JetBlue Runs Into Latin America Troubles


The latest Air Show podcast drops later today. Tune in to hear us discuss the messy Pratt & Whitney situation. It’s a good one. But then again, I think they’re all good ones, so what do I know?

The first quarter was a terrible one for JetBlue. On the one hand, it looks like the airline was using this as a “kitchen sink” kind of quarter where it just threw all kinds of special items in to try and start Q2 with a clean slate. That includes the last of the failed Spirit merger charges. On the other hand, there is some real weakness in the business, and Latin America is causing a lot of trouble.

Newly-returned President Marty St George laid it out from a high level by saying “if you exclude our Latin flying, our system-level unit revenue growth would be positive for the first quarter versus actual unit revenue growth, which was down 2.5 percent.”

The problem is, however, that Latin America (which includes Caribbean) is an enormous part of the JetBlue network. It’s not going anywhere, so it just has to get better. But Latin America is not a monolithic unit. There are a lot of different types of Latin markets.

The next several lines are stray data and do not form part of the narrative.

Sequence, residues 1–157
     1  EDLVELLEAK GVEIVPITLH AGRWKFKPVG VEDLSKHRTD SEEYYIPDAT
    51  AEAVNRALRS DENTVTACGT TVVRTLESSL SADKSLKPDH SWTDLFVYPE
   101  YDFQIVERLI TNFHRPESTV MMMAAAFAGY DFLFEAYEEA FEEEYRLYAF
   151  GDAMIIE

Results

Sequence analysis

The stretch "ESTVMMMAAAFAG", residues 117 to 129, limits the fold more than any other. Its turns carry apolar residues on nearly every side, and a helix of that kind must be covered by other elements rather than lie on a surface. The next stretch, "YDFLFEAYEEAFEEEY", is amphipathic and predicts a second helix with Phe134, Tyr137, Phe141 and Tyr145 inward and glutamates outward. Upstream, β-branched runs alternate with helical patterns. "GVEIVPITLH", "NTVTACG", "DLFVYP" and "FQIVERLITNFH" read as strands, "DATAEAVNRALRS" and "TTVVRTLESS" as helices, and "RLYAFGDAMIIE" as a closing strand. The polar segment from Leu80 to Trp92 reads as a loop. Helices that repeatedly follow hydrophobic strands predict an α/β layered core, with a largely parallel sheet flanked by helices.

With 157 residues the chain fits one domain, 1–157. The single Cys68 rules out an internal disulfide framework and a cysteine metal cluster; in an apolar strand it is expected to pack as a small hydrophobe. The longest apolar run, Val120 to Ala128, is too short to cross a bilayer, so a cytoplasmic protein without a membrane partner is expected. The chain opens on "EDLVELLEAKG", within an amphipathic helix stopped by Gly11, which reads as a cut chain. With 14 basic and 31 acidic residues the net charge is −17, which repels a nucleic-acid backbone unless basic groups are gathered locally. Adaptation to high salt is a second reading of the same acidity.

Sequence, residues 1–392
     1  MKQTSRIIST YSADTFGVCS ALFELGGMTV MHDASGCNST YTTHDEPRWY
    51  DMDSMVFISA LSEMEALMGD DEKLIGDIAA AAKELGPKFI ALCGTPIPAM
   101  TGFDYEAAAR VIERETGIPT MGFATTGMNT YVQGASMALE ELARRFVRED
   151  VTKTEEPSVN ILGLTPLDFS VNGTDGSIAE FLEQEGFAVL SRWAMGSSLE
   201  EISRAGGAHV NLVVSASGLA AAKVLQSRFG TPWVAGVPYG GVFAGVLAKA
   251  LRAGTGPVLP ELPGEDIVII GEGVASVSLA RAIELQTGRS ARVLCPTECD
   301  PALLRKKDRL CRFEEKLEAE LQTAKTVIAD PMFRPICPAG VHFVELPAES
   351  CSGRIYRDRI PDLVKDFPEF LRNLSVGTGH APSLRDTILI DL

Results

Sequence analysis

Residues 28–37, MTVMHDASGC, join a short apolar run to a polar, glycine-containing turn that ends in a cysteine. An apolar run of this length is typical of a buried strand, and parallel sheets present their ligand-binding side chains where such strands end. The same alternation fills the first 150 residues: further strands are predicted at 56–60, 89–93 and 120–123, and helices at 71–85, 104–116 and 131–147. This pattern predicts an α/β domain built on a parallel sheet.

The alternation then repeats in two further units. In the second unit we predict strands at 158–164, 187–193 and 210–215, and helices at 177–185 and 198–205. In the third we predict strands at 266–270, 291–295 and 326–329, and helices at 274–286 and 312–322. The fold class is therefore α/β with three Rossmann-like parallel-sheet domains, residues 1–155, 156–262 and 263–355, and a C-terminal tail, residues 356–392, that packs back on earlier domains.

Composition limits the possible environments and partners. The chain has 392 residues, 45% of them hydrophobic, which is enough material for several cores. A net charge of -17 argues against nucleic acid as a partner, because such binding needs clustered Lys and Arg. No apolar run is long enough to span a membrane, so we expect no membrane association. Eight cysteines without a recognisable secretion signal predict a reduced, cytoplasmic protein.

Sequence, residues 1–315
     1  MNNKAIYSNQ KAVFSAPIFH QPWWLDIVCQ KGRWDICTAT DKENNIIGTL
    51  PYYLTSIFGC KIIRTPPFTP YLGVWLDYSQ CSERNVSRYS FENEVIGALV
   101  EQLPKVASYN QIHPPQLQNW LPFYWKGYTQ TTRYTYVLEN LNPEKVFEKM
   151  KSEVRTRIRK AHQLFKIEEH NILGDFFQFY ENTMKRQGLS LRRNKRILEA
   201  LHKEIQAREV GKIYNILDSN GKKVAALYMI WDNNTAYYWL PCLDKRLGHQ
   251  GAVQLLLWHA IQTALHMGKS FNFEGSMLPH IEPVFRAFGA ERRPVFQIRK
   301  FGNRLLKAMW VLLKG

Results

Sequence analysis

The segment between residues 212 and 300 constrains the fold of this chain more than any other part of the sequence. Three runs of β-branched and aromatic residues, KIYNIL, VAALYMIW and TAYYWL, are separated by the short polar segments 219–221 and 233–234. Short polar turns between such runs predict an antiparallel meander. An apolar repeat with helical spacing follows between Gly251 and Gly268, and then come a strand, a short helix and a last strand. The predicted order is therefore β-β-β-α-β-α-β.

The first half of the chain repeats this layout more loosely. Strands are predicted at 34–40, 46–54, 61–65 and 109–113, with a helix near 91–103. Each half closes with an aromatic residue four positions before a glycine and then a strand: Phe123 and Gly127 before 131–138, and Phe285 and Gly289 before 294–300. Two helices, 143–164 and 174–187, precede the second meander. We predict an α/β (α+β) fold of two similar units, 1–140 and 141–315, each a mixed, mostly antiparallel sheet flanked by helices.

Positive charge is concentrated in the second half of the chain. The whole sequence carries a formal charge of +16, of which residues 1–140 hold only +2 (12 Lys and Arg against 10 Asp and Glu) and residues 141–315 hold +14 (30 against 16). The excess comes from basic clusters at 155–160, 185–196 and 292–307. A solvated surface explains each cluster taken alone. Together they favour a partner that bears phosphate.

Dave Clark — who was running revenue and planning until a recent shift — explained this in more detail.

I think the easiest way to think about it is the breakdown between Caribbean beach destinations and Caribbean VFR destinations. The VFR is holding up relatively well. Industry capacity there has been relatively less. So that is still under some pressure, but not as much as the beach destinations where we see increased capacity, really high increased capacity, which is driving even higher pressure on the yields.

VFR stands for “visiting friends and relatives.” These are trips where people are going to see family and friends, which as we all know is very different from a true vacation. The latter would fall under the “leisure” bucket. It’s not easy to break these down completely, because there is overlap. But there are some markets that are very clearly just beach and others that are very clearly primarily VFR. Here’s how I broke down the JetBlue route map.

JetBlue Latin/Caribbean Map generated by the Great Circle Mapper – copyright © Karl L. Swartz.
Brown dots are leisure, green dots are mixed, blue dots are VFR, and San Juan stands alone in yellow

JetBlue has already started to clean these markets up by pulling out of several of them in June 2024 (except where noted):

  • Bogotá
  • Havana (ended September 2023)
  • Lima
  • Puerto Vallarta
  • Quito

What’s interesting about this move is that all of these exited markets are VFR except for Puerto Vallarta. Didn’t Dave say VFR is doing better right now? To be fair, several of these are really stretching the legs of those JetBlue aircraft. That’s an issue because it eats up a lot of aircraft time when JetBlue is paring back on deliveries. Presumably the fares are bad enough that JetBlue would rather use those airplanes more wisely closer to home.